- German scientists discover live ant of species they claim is 120 million years old.
- Chaptzem has an interesting letter from someone who thinks riding motorcycles is not appropriate Jewish conduct, and would like rabbonim to ban them so that he does not have to explain to his 7-year old that others have different values from the ones they hold. In general, the Chaptzem readership does not take kindly to his suggestion.
- Thanbook has a post on Chabad, the Rebbe, and God, and the different views from inside and outside Lubavitch.
- At A Jewish Thought, how a yeshiva in Israel persuades a kid that he is obligated to return for shana bet, and then withdraws the scholarship and thus his opportunity to attend when his family comes to Israel -- while imperiously refusing to even discuss the matter. I can understand that approach partly, but will not explain here why.
- The invention of emoticons, Sept 19, many years ago, via Wired:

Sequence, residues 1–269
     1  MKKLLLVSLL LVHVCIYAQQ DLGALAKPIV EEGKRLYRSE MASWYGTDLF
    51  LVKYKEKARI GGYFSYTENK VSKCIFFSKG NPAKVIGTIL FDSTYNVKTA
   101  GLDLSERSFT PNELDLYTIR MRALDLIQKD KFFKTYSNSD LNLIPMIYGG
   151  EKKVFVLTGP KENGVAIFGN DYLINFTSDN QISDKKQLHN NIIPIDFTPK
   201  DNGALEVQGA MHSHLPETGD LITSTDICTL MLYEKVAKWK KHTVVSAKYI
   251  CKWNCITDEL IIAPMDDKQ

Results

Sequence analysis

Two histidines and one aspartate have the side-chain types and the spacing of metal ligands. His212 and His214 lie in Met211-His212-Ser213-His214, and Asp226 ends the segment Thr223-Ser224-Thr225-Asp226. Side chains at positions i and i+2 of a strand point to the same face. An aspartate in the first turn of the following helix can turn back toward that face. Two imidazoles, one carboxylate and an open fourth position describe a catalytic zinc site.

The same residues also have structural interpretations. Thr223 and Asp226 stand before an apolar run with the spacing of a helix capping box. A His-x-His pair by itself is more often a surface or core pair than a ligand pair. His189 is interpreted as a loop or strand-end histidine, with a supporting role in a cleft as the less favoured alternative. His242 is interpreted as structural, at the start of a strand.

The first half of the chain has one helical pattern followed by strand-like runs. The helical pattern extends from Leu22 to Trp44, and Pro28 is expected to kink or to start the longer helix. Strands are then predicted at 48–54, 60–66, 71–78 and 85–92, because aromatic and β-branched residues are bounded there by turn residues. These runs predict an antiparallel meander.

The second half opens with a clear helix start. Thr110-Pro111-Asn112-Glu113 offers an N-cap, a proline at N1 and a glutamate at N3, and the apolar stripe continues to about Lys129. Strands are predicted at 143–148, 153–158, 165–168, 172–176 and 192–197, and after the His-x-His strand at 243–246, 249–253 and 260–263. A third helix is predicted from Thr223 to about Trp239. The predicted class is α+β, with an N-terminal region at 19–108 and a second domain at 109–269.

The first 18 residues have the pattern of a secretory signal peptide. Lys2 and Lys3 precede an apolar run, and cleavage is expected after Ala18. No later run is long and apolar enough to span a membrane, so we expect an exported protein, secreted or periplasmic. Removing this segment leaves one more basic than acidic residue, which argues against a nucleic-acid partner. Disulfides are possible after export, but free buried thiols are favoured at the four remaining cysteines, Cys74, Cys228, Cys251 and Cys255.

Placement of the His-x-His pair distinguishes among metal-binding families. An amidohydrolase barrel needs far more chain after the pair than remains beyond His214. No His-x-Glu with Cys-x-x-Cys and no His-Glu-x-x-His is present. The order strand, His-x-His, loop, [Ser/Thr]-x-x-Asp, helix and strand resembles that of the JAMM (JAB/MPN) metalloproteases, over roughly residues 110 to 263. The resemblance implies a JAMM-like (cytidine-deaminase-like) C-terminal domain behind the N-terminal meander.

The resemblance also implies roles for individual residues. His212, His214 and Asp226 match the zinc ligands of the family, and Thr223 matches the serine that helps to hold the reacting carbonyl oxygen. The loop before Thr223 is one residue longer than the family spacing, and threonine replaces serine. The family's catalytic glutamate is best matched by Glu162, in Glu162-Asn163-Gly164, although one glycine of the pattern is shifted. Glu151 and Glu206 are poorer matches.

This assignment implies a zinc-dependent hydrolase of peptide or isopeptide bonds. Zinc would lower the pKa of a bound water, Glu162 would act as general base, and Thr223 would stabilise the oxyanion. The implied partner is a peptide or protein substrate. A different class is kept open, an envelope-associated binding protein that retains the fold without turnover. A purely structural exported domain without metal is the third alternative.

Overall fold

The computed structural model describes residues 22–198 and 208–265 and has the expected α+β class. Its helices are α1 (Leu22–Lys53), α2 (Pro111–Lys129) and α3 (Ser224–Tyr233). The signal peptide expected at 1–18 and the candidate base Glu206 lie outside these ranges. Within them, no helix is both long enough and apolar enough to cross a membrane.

1982: At precisely 11:44 a.m., Scott Fahlman posts the following electronic message to a computer-science department bulletin board at Carnegie Mellon University:
19-Sep-82 11:44 Scott E Fahlman
I propose that the following character sequence for joke markers:
Read it sideways. Actually, it is probably more economical to mark things that are NOT jokes, given current trends. For this, use:
:-(Assuming I am reading this correctly, it would thus seem that the frowny was not initially envisioned as a sad emotion, but rather the negation of the smiley, so as to show things are not intended as jokes.
- Overlawyered links to an interesting post -- how after a train accident, lawyers put up a whole bunch of Google ads to try to grab clients. Thus, a bunch of sponsored links from the words "Metrolink train accident attorney lawyer Los Angeles."
- An interesting question. If someone does not believe in Torah min haShamayim, or Torah miSinai, can they get an aliyah and thus make birchas haTorah? I would have to look in context, but the application of Rav Moshe's teshuvah about an individual making a bracha for himself might not be applicable, if we are dealing with someone who is making the blessing on behalf of the tzibbur. I don't know, and have not yet read that teshuva. But I've wondered about this very question in the past.